The First Song

By Ori Caul

Pass that thing if you’re not going to smoke it.

Wow! I’m toasted! How about you? 

Hey! You!

You’re wasted, man.

I’ll tell you something I remember. It’s something I’ve never told anyone, but I’m going to tell you. 

Now, I’m not religious but I do believe I was reincarnated. I was there when the very first song was sung. 

Not like all these whack-a-doodles who believe they were Cleopatra or someone famous or anything like that. I wasn’t the first to sing, but I was there and took part. 

Here. (attempts to pass the joint)

Anyway, I swear this is true. I remember it like it was yesterday. 

As I remember, it was a clear summer night. Our group was celebrating a successful day of hunting antelope and gathering berries from the angry blackberry bushes. 

The fire was hot in our faces as we sat around it each with our portion of meat and berries. The wise man was rattling his bone necklace and beating his staff on a boulder while chanting and giving thanks to the Provider for our bounty. We always thanked the spirit in the woods with this ritual. 

I had grease all over my face and my hands were stained purple from the berries. We all did. It was a good night. 

We made animal sounds as we ate. The wise man was now dancing around and getting loud as he began screaming to the Provider into the speckled night sky. Then the leader’s woman began to wail in a high tone to the Provider. Her voice was clear and sweet as she held the note till she ran out of breath. She wailed again, this time the wise man joined her with a softer voice. They went up then down together. Soon others joined in and it became a chorus as the voices melted together into one. Slowly going higher, then lower as the wise man began to softly beat his staff against the rock, this time in a slow rhythm.

I forgot about the meat in my berry stained hands and sat there mesmerized as they went high, then low, then high again. This new thing they were doing, it took me away across the savanna, man, put a lump in my throat and made me cry. It pulled me out of myself and into the wind. I became one with the group as we all wailed the high then low hymn to the Provider for giving us this life’s bounty while keeping us safe in the dark of night. This was also the first moment of religious ecstasy for us all.

It’s as clear a memory as the first memory I have of this life. It, too, was a musical experience and introduced me to the idea of a bigger world.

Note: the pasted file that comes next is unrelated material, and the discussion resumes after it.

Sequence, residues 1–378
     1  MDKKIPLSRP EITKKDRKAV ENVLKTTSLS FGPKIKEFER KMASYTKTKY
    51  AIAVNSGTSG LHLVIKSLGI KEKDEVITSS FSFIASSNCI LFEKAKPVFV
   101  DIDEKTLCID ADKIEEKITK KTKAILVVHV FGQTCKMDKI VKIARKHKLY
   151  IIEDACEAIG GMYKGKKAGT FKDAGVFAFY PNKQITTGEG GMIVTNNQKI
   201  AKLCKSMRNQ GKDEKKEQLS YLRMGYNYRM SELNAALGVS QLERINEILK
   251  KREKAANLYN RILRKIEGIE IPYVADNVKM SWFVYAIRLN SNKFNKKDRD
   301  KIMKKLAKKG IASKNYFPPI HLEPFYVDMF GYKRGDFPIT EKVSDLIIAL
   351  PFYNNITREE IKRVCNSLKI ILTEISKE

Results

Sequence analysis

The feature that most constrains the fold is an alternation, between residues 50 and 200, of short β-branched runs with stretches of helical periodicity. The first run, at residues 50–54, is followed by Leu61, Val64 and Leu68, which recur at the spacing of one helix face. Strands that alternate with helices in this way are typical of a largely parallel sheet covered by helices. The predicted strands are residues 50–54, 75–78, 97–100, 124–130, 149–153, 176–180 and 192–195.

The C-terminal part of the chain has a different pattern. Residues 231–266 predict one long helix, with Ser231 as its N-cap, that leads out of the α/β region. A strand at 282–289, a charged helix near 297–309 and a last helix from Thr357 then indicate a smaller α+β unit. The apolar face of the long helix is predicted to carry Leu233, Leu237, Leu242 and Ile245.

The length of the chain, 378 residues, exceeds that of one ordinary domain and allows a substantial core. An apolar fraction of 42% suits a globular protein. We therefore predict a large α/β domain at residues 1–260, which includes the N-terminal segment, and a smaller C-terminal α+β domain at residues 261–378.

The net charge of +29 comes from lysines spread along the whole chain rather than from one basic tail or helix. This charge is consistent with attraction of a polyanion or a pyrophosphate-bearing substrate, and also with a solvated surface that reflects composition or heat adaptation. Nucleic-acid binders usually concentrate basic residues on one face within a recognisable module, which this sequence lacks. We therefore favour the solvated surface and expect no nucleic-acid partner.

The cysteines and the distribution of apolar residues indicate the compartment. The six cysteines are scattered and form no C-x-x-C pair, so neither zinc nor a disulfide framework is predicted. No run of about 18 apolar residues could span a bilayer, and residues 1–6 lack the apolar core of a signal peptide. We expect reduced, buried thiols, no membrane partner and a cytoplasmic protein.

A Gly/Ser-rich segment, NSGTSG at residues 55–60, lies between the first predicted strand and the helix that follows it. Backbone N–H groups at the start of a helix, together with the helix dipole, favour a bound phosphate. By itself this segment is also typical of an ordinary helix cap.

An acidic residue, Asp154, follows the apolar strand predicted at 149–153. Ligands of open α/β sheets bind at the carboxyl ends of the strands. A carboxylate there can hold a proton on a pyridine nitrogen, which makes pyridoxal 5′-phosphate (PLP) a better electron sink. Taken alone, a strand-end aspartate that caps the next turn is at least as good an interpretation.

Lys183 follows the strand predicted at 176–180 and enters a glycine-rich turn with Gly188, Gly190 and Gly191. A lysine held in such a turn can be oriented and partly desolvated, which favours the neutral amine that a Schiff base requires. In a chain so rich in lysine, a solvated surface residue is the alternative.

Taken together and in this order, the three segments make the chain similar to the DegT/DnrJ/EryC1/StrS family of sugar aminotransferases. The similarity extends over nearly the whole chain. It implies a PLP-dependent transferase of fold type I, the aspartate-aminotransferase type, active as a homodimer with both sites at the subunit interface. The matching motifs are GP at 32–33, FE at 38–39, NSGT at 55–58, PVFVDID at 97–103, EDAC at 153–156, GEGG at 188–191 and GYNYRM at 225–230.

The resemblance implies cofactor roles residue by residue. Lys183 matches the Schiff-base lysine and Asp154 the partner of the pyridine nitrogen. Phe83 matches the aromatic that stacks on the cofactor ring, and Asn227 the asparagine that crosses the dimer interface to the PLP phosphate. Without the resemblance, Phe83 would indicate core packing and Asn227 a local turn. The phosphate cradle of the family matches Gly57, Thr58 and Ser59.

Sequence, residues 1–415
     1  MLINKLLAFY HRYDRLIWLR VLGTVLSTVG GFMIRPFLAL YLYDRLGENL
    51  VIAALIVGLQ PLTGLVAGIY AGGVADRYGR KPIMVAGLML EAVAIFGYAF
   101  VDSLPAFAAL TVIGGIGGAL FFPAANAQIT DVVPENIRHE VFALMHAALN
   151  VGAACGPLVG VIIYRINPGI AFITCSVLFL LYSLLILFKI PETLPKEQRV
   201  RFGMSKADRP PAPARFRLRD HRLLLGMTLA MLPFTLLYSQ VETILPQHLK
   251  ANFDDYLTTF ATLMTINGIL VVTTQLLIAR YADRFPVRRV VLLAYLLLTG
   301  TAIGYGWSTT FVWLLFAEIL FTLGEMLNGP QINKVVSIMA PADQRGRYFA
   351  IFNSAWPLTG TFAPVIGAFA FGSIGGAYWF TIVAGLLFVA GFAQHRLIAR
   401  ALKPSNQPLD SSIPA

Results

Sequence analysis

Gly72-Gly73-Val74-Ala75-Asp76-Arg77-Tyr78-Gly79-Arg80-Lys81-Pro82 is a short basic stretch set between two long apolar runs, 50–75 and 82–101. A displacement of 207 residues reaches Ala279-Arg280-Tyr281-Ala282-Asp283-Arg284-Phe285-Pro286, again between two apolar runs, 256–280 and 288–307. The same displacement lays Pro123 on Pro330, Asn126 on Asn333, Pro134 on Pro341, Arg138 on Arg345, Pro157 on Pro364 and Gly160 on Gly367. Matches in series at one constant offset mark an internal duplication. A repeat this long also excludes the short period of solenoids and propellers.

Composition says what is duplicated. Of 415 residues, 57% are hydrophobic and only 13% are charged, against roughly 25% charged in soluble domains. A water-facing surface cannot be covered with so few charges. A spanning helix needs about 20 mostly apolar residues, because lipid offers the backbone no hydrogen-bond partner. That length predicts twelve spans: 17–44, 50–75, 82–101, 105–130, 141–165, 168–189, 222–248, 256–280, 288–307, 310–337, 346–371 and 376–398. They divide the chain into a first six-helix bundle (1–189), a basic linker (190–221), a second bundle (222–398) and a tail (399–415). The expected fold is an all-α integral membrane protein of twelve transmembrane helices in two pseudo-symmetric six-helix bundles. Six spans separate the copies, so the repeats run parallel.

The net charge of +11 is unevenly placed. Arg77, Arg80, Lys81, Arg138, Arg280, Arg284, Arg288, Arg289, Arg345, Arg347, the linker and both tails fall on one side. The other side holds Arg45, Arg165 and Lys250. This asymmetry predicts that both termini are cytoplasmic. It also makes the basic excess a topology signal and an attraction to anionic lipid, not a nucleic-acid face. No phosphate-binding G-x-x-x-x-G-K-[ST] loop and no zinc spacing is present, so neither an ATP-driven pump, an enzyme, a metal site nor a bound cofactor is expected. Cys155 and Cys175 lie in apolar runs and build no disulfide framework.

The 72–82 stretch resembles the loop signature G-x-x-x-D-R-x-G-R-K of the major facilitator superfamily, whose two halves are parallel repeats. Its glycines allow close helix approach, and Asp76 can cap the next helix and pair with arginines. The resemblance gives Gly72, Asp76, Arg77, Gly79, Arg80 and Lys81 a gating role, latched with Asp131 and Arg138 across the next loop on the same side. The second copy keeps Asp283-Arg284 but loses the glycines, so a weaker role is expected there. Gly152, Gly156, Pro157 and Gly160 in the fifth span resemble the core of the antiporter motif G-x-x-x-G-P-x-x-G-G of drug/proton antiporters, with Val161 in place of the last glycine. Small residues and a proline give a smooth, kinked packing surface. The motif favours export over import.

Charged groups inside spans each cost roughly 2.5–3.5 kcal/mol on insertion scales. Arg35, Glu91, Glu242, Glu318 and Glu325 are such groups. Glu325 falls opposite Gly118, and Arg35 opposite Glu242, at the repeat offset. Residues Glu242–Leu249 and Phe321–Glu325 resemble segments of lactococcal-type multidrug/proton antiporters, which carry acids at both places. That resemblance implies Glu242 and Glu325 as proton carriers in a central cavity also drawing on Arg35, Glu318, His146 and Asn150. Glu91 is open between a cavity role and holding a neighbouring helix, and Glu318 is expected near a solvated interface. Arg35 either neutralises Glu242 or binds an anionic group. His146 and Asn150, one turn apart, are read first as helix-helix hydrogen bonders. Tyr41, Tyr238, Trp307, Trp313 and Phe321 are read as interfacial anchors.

It was 1970 and I was four. We were poor, but had a nice car with an actual 8-track player. You remember them. Having one made us rich. I remember sitting in the car with two tapes in my hands. One had a smiling, overly large black man sitting at a white piano and the other had a crazy looking frizzy haired woman in round orange glasses wearing a yellow scarf.

I put the first in and Fats Domino began to sing about walking to New Orleans. I didn’t know this New Orleans place, but his voice was able to take me away and I saw us walking hand in hand down a dusty country road shaded by tall old Oak trees to this new place. Then I put the second tape in and Janice Joplin took over and she, Bobby McGee, and I hitchhiked the rest of the way to New Orleans, singing the blues along the way. Her voice was so raw and full of emotion, it was so powerful, it brought me out of the oblivion of pre-potentiation and set me on the course that would eventually bring us together tonight to have this here good time. 

Yeah, two memories of musical firsts separated by hundreds of thousands of years of evolution. From sing-song wailing to belting it out with every ounce of your being. From being thankful for living another day to bemoaning a lost love along the road of today’s life.

Hey man, wake up! I’m telling good shit here.


I really was there though, that night we sang the first song. I remember man. I really do.



Author: OriCaul

Originally from a small, rural Georgia hole in the road, I left my Southern roots to explore the world I'd read about. I've been a vagabond, going here and there, never staying anywhere for more than two years. But, alas, I've come back to the South for the time being. This time in Pensacola, Florida, a humid but beautiful place.

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